Nurse Residency Programs: Rolling Out the Welcome Mat

Laura A. Stokowski, RN, MS


July 17, 2015

Ready or Not, You're a Nurse

Once upon a time, nurses were expected to graduate from nurses' training one day, and hit the ground running the next. Known as the "apprenticeship model" in which nursing students received training in exchange for service, these students pretty much staffed the hospitals, so by the time they graduated, there wasn't much left to learn. It was not unusual for a novice nurse to be promoted to a teaching or supervisory position within a year of graduation.

How the situation has changed! It is now widely acknowledged that most new graduate nurses are not ready to assume even the most basic staff nurse role immediately upon graduation or licensure. For many decades, nurses were transitioned from student to staff nurse with formal department orientation programs that ranged in duration from a few weeks to a few months, depending on the setting. Orientation programs typically focus on the hospital or department and its policies, rather than the professional development of the nurse. Novice nurses would cut their teeth on medical/surgical units, from which they transitioned to critical care and other highly specialized areas if they demonstrated the requisite knowledge, skills, and proclivity. They either made it as nurses, or they didn't—a "sink or swim" mentality prevailed.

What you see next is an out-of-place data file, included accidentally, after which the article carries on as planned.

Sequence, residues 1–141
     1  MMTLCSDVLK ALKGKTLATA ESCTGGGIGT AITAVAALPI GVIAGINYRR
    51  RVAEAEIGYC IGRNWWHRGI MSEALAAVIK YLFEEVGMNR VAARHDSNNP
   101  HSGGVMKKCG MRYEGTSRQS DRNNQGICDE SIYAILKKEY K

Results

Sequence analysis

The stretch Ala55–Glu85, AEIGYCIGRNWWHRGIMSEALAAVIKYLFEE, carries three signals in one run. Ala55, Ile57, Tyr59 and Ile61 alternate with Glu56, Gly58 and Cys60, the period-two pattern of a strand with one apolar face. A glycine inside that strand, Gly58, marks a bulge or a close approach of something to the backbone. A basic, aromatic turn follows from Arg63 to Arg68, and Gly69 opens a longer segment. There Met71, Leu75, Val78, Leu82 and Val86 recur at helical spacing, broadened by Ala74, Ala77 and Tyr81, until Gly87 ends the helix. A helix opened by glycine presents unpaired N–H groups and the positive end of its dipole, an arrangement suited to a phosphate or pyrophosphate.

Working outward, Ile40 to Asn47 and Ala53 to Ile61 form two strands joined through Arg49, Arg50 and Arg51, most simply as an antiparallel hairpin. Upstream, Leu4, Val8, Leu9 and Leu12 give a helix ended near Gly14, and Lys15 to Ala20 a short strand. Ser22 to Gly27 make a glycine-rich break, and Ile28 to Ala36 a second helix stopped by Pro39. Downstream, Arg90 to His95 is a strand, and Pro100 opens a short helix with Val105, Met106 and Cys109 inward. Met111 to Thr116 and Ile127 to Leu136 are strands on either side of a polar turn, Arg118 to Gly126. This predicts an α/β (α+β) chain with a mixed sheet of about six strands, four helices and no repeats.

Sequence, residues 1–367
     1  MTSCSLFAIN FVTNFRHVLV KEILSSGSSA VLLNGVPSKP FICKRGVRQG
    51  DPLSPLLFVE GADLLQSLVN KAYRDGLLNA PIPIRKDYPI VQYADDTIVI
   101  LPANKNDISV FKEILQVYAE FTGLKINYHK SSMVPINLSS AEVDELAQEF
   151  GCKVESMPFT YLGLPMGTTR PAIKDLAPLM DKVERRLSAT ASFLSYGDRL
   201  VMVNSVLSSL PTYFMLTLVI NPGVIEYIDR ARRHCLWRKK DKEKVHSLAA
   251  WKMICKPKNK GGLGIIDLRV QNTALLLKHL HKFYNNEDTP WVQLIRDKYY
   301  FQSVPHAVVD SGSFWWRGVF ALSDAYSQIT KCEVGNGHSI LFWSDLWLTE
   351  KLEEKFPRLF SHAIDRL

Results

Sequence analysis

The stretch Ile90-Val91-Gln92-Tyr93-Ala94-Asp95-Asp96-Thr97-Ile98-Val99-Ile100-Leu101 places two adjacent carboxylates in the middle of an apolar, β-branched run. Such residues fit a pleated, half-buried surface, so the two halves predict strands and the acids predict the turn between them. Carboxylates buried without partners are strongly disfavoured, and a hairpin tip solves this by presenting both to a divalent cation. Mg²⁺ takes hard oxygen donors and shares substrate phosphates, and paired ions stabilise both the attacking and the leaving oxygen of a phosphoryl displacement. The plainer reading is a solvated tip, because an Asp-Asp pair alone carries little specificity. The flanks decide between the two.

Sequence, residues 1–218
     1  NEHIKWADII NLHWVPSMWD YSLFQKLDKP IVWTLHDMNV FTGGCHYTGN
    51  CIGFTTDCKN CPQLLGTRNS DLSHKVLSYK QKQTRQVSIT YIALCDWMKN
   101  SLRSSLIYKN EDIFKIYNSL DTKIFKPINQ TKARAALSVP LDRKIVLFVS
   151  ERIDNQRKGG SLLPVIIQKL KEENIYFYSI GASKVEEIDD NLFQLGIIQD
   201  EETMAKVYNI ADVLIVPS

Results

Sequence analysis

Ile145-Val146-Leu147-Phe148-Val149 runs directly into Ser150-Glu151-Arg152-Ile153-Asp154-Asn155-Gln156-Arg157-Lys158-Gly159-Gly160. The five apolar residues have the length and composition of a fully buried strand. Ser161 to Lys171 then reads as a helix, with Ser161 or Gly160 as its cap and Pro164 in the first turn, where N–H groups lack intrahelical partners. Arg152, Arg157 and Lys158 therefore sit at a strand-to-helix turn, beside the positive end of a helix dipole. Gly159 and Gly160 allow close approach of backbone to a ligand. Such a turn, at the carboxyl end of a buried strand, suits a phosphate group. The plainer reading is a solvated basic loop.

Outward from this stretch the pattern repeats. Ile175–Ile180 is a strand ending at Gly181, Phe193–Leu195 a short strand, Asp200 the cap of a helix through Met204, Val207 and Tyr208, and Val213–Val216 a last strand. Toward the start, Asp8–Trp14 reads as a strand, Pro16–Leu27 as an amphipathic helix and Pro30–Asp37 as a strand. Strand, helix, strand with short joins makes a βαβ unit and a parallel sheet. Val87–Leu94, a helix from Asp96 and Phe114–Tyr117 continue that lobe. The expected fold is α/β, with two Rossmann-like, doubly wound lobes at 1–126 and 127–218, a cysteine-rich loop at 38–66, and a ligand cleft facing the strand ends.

The problems that surfaced as generation after generation of nurses struggled to adapt to the nursing profession—low retention/high turnover, job dissatisfaction, errors, and burnout—are by no means new, but employers are paying more attention to them. To be fair, a major reason that new graduate nurses today face such a chasm between neophyte and a competent, professional nurse is that hospitalized patients are sicker than ever before, care and treatments are more complex, and patient and family expectations are higher. The work environment is stressful, the shift rotations are punishing, nurses fear for their safety, and incivility abounds. We're not in the 1950s anymore.


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